Why Are the Dead Sea Scrolls So Important?

In Archaeology, Blogs by Peter Colón2 Comments


In 1947, a Bedouin shepherd boy and a wayward goat made an amazing discovery in a nearly inaccessible cave in Qumran, Israel, forever confirming the accuracy of the Bible. When the goat wandered into the dark cave, the shepherd boy was curious and ventured inside to explore. He threw a stone into the cave and unexpectedly heard something crack. He returned later with friends to search the cavern, which eventually resulted in the discovery of a fantastic collection of ancient biblical scrolls in clay jars.

From 1947 to 1956, hundreds of manuscripts and tens of thousands of fragments were unearthed in other caves. This priceless treasure hoard came to be known as the Dead Sea Scrolls. So, what makes these scrolls so important? Let’s consider three ways the discovery of the Dead Sea Scrolls affects us.

They Make Us Confident

Skeptics have questioned the reliability of the Bible. They claim that since the text has been copied and recopied over the centuries, it’s impossible to know with certainty what the biblical authors originally wrote or meant. 

In regard to the Old Testament, the Dead Sea Scrolls refute that opinion. Scholars have made careful comparisons between the standard Hebrew manuscript of the Old Testament called the Masoretic Text, which dates from about the 7th and 10th centuries AD, and the Greek translation of the Old Testament called the Septuagint, dated around the 4th century BC. The Dead Sea Scrolls are about 1,000 years older than the Masoretic and Septuagint.

Critics were shocked. The scrolls contained no direct challenges to the principal doctrines of Scripture. Only insignificant differences in spelling and grammar were found. The biblical portion of the Qumran literature, with the exception of the book of Esther, which is still yet to be found, confirms the wording and meaning of our modern-day Old Testament: “The entirety of Your word is truth, and every one of Your righteous judgments endures forever” (Psalm 119:160). Jesus noted that these Scriptures “are they which testify of Me” (John 5:39).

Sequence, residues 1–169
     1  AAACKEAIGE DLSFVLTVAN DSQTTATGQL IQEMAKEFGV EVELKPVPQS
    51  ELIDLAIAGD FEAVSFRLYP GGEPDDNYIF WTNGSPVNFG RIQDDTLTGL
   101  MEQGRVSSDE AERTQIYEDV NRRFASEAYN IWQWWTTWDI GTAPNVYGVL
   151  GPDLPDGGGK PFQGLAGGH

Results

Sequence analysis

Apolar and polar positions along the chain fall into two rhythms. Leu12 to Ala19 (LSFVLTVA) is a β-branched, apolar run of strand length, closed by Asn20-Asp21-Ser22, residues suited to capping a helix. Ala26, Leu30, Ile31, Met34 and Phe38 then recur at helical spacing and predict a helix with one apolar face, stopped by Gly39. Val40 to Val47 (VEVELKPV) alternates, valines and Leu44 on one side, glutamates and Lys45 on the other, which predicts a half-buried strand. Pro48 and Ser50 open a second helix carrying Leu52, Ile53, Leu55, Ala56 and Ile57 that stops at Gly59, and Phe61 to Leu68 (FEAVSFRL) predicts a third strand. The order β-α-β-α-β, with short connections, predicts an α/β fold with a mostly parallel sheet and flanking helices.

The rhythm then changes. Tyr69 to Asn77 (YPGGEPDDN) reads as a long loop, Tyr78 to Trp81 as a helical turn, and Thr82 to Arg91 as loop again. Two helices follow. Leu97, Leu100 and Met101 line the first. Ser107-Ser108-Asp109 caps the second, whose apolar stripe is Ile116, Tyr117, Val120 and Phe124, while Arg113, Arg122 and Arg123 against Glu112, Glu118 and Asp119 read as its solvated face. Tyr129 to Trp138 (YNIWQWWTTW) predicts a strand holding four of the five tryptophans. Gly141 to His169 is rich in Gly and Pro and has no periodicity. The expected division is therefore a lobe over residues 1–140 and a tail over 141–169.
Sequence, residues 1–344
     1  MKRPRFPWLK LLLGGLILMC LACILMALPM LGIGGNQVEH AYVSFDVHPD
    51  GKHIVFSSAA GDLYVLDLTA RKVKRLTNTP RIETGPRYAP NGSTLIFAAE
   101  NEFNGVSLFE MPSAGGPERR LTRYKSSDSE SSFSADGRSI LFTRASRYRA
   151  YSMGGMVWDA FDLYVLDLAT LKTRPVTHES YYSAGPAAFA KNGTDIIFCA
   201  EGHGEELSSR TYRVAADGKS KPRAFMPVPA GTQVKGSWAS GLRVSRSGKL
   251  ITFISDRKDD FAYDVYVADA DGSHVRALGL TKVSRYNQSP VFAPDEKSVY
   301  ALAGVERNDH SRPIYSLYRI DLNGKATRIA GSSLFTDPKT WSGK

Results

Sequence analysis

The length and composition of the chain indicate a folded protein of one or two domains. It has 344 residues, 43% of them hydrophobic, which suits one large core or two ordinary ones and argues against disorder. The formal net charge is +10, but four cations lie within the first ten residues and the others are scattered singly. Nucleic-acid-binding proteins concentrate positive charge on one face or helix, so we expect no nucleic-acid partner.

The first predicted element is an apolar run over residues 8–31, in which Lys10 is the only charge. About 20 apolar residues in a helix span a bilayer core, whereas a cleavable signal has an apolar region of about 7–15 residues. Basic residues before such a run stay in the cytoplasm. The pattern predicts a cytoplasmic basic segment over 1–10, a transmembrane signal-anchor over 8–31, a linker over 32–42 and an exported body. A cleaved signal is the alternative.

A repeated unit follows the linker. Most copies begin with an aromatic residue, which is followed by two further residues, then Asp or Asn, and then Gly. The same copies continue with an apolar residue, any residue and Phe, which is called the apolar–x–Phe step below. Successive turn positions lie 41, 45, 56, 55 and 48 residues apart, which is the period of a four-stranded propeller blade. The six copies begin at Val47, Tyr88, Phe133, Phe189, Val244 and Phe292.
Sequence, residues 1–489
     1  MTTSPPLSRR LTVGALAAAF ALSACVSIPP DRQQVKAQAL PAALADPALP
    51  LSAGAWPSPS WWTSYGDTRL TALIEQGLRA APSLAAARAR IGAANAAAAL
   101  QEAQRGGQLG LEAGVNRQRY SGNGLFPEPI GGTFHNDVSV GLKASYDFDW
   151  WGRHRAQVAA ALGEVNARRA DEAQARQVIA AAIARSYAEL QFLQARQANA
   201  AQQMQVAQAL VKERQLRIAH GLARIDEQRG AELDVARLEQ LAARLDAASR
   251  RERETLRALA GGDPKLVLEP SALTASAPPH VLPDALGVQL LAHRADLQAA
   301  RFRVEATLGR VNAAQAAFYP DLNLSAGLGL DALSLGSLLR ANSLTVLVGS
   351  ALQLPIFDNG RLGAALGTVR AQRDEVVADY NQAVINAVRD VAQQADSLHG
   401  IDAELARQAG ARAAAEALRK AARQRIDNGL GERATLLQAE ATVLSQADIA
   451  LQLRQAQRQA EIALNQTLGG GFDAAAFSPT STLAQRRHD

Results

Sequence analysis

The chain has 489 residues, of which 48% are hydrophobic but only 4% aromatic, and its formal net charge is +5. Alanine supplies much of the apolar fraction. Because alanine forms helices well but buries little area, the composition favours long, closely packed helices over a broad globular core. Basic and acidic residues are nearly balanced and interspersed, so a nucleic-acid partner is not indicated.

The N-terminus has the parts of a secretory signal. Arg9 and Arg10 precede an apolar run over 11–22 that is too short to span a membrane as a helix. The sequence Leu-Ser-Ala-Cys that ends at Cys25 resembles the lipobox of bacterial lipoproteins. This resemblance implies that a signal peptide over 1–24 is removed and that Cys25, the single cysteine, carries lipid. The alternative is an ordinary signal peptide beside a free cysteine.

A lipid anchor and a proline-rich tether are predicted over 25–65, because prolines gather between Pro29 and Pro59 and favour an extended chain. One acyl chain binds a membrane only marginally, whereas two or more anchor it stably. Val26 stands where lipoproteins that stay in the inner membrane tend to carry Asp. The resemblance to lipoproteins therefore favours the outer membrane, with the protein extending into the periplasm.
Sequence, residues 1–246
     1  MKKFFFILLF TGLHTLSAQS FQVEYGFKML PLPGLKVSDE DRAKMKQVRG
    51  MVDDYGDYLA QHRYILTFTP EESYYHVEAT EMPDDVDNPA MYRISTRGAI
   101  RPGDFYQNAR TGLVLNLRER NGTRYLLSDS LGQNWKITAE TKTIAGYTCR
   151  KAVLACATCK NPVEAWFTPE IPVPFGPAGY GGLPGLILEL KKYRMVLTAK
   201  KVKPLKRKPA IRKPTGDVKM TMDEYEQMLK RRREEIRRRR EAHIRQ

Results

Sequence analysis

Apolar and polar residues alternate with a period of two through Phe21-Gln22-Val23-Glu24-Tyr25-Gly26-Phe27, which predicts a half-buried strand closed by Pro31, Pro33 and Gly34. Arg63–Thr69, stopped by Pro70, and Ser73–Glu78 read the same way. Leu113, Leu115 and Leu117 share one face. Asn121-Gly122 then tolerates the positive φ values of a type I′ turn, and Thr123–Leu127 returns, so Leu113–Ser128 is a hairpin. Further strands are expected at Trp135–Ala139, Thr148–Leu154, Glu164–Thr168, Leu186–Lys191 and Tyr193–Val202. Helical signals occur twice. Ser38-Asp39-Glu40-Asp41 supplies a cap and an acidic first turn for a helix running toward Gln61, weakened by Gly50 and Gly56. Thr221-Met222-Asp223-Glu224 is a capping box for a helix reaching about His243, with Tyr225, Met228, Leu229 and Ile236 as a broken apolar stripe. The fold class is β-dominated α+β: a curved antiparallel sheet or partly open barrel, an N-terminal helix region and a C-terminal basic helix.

They Make Us Excited

Among the biblical materials are some non-biblical documents. Some describe the lifestyle and beliefs of the community that lived in the Qumran area. They were not Christian, but the manuscripts do provide some insight into the early Judeo-Christian culture of the 1st century AD. Though Jesus is never mentioned, many scrolls touch on prophetic themes dealing with a coming Messiah, Messianic miracles, and the gloomy end of days.

The Dead Sea Scrolls give us reason to rejoice because the discovery confirms what Bible believers have always known: Today’s Bible is a proven text.

In regard to the biblical scrolls either whole or in tiny fragments, they are the same Bible books frequently quoted in the New Testament, including Deuteronomy, Isaiah, and the Psalms. This fact is exciting in light of Jesus’ own words involving the inspired Hebrew Scriptures: “These are the words which I spoke to you while I was still with you, that all things must be fulfilled which were written in the Law of Moses and the Prophets and the Psalms concerning Me” (Luke 24:44).

They Make Us Joyful

The Dead Sea Scrolls give us reason to rejoice because the discovery confirms what Bible believers have always known: Today’s Bible is a proven text. Regardless of the assaults against it, the Word of God stands forever. “As for God, His way is perfect; the word of the Lᴏʀᴅ is proven; He is a shield to all who trust in Him” (2 Samuel 22:31). And we know “All Scripture is given by inspiration of God, and is profitable for doctrine, for reproof, for correction, for instruction in righteousness” (2 Timothy 3:16).

As the evangelist Billy Graham once said: “The Word does not change. The Dead Sea scrolls, archaeology, modern science—they do not change the Bible; they confirm it.” We have no reason to be doubtful concerning Scripture; rather, we can be confident, excited, and joyful. God’s Word stands firm and sure forever. Amen!

About the Author

Peter Colón

Peter serves as creative resource coordinator for The Friends of Israel. A unique aspect of his ministry is to communicate the gospel in biblical and historical reenactments. He preaches and teaches in churches and at Bible and prophecy conferences, and is an award-winning, contributing editor for The Friends of Israel’s magazine, Israel My Glory.

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